An NPR Best Book of the YearThe uncannily relevant, deliciously clear-eyed collected stories of a critically acclaimed, award-winning "American literary treasure" (Boston Globe), ripe for rediscovery--with a foreword by Elizabeth Strout.
A Kirkus Must-Read Fiction Book Coming This Fall
A People magazine Book of the Week
A New York Times Editors' Choice
A Kirkus Reviews "Fully Booked" Editors' Pick
From her many well-loved novels, Hilma Wolitzer--now ninety-one years old and at the top of her game--has gained a reputation as one of our best fiction writers, who "raises ordinary people and everyday occurrences to a new height." (Washington Post
) These collected short stories--most of them originally published in magazines including Esquire
and the Saturday Evening Post
, in the 1960s and 1970s, along with a new story that brings her early characters into the present--are evocative of an era that still resonates deeply today.
In the title story, a bystander tries to soothe a woman who seems to have cracked under the pressures of her life. And in several linked stories throughout, the relationship between the narrator and her husband unfolds in telling and often hilarious vignettes. Of their time and yet timeless, Wolitzer's stories zero in on the domestic sphere with wit, candor, grace, and an acutely observant eye. Brilliantly capturing the tensions and contradictions of daily life, Today a Woman Went Mad in the Supermarket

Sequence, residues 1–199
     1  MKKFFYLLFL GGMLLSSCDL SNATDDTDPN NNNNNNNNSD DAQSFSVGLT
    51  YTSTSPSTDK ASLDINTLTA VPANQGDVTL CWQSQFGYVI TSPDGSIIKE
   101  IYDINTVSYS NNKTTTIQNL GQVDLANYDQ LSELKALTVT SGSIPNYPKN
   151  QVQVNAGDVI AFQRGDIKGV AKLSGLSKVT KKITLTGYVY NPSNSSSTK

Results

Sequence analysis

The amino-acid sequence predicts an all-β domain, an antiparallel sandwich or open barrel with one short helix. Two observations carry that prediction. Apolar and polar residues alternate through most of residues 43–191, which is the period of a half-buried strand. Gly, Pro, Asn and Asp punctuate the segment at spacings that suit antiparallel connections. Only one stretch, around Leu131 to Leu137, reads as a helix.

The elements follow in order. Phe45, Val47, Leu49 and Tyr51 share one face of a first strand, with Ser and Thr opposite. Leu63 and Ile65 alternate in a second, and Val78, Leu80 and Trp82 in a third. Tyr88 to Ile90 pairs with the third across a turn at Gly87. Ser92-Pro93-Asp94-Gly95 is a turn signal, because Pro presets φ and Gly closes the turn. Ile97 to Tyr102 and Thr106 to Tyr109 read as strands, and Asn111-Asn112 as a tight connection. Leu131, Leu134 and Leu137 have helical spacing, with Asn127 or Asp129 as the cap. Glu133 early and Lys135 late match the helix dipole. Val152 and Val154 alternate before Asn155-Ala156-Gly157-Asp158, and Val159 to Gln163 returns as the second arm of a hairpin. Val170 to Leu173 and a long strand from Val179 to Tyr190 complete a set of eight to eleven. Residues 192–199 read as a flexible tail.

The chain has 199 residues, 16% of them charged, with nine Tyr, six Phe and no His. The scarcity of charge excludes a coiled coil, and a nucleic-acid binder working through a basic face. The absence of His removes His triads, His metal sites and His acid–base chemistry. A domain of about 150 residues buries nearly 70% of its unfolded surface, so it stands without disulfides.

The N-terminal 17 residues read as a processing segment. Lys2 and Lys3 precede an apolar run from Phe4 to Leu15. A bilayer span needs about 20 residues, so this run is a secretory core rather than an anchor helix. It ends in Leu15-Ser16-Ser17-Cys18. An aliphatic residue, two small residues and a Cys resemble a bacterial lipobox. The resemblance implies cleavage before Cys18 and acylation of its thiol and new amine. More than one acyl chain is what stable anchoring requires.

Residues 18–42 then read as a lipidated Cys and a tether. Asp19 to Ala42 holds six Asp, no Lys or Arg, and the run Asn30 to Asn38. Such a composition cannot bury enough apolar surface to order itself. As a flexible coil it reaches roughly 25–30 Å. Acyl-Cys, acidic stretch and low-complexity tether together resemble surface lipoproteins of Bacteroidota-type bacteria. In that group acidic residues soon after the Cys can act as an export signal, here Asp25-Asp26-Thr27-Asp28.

is full of heart and insight, providing a lens into a world that was often unseen at the time, and often overlooked now--reintroducing a beloved writer to be embraced by a whole new generation of readers.
About the Author
Hilma Wolitzer is a recipient of Guggenheim and National Endowment for the Arts fellowships, an American Academy of Arts and Letters Award in Literature, and a Barnes & Noble Writers for Writers Award. She has taught at the Iowa Writers' Workshop, New York University, Columbia University, and the Bread Loaf Writers' Conference. Her first published story appeared when she was thirty-six, and her first novel eight years later. Her many stories and novels have drawn critical praise for illuminating the dark interiors of the American home. She lives in New York City.